Stir the chicken into the marinade, season with salt and pepper, cover and let marinade in the fridge for about 30 minutes.

Heat a skillet and fry the chicken in it for about 3-4 minutes.  Then add almonds and raisins (if using) and fry some more until the chicken is not pink on the inside anymore.

Serve with Mango chutney, shredded lettuce and plain yogurt as well as toast or any other kind of bread on the side.

Perfectly Puffy Pancakes

If you do not like baking powder, this pancake recipe is not for you. Otherwise, it’s wonderful, and suitable for sweet or savory toppings.

We found this recipe in an Amish cookbook.  Works out great for us.

Perfectly Puffy Pancakes


  • 4 cups flour
  • 1 tsp salt
  • 1 Tbl plus 1 tsp baking powder
  • 1/4 cup melted butter
  • 2 eggs
  • 2 1/2 to 3 1/2 cups of milk


Sift flour, mix together with salt and 1 Tbl baking powder.  Add melted butter, eggs and milk until the batter has the consistency you desire.  Just before baking, add the last 1 tsp of baking powder for extra thick, fluffy pancakes.

Bake in a skillet in batches.  You can slice apples and add to the pancakes in the skillet, or add slices of bacon and onion, or tomato slices and onion, or just fry plain and use sweet or savory toppings of your choice.

In this family, applesauce and maple syrup are a favorite for sweet pancakes, bacon and onion for the savory variety.

Beef and Cheese

Here’s a quick and easy spaghetti casserole recipe.

No vegetables in this dish, so plan on making some on the side for a complete meal, or serve with a salad, or both.

Beef and Cheese


  • 1 lb ground beef
  • 1 small onion
  • 1 1/2 cups uncooked spaghetti
  • 2 Tbsp butter
  • 3 Tbsp flour
  • 2 cups milk
  • 3/4 cups cheese


Cook spaghetti until tender.  Brown beef and onion in butter.  Add flour and milk, mix well.  Cook until thick.

Mix 1/2 cup of cheese with the spaghetti and place half of the spaghetti in a baking dish.  Put in the meat mixture.  Add remaining spaghetti.  Sprinkle with the rest of the cheese.

Bake at 350ºF for 25 to 30 minutes.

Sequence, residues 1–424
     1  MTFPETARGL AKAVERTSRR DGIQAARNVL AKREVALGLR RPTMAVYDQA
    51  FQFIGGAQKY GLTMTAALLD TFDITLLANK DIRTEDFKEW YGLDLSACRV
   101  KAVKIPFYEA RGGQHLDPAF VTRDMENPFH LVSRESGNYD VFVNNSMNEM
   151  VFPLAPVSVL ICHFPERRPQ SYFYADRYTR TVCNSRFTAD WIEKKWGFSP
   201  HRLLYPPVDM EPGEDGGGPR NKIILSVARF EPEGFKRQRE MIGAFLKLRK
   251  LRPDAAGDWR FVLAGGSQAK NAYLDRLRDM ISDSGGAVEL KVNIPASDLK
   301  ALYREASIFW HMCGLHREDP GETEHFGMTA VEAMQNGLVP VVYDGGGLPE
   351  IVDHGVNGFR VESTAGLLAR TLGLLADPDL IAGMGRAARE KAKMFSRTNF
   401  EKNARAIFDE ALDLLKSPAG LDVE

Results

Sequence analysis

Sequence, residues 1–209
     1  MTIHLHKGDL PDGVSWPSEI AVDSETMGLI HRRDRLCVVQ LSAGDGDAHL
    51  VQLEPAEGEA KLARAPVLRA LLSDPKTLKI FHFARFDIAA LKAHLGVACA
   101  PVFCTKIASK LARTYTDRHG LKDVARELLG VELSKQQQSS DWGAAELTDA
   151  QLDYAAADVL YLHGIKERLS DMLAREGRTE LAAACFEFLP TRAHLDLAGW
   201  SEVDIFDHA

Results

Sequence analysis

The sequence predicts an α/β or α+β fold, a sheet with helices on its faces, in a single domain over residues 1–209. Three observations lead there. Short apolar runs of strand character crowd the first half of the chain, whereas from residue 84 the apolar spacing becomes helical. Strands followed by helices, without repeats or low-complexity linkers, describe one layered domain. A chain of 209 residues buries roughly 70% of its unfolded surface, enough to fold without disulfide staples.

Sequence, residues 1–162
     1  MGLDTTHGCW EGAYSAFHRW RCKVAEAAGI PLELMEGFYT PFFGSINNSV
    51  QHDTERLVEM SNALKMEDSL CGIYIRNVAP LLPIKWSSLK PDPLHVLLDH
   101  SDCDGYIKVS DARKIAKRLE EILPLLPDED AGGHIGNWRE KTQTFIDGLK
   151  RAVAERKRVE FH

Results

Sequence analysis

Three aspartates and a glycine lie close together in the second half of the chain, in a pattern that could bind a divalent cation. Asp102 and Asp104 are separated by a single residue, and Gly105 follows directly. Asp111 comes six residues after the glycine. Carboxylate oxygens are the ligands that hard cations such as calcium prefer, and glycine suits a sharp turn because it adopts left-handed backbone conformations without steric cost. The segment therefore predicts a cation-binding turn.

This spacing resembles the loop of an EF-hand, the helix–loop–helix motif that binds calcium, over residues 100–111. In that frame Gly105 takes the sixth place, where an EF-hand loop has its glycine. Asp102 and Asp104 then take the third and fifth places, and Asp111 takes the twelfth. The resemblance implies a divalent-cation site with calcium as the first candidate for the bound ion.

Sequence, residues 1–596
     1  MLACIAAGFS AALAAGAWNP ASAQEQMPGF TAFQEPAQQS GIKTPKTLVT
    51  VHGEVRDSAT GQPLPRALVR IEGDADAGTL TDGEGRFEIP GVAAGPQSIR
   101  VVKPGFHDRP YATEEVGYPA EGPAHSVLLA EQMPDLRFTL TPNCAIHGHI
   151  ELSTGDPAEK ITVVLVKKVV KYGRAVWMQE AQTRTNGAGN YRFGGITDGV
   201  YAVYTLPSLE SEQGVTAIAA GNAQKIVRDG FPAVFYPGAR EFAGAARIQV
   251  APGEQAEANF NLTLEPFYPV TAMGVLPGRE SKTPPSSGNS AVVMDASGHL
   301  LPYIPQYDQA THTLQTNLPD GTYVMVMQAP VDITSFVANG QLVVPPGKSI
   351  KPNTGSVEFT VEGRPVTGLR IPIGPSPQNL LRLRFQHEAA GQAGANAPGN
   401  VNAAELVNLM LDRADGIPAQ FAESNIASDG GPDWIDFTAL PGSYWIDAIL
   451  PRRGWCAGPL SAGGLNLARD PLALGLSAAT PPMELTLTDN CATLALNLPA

Scrumptious Scottish Scones

Eat them while they are still warm!

These scones are much like (sweet) biscuits, and hence will do well for a delicious breakfast, especially if you make them with raisins.  They will also do well as a dessert if you substitute the raisins for chocolate chips.  But the dough is less firm than normal biscuit dough, so don’t expect to roll it out.  Just padding it flat will do just fine.

Scrumptious Scottish Scones



  • 1 cup flour
  • 1/4 cup rolled oats
  • 2 tsp baking powder
  • 1/2 tsp salt
  • 1/4 tsp cinnamon
  • 1/4 tsp nutmeg
  • 3 Tbsp brown sugar
  • 4 Tbsp cold butter
  • 1/2 cup raisins OR chocolate chips
  • 1 large egg
  • 1/4 cup milk


  • 1 tsp milk
  • 1 Tbsp brown sugar
  • pinch of rolled oats



  • Stir together the dry ingredients in a large bowl (flour, oats, baking powder, salt and spices).
  • Cut in the cold butter and pinch until the lumps of butter are about pea size.  Then mix in the raisins or chocolate chips.
  • Preheat the oven to 400ºF.
  • Whisk egg and milk together and stir into the flour mixture.  Mix until just combined:  Don’t over-mix or your scones with be dense and heavy.
  • Turn the (rather soggy) dough onto a floured surface and pat until it is a 1/4 inch thick.  Now add topping:  Spread milk over the top of the dough with a pastry spoon, then sprinkle on the sugar and the pinch of oats for decoration.
  • Cut scones out with a biscuit cutter and place on an ungreased baking sheet, slightly apart.
  • Bake until the cones turn golden, about 8 – 10 minutes.
  • Enjoy while they are still warm.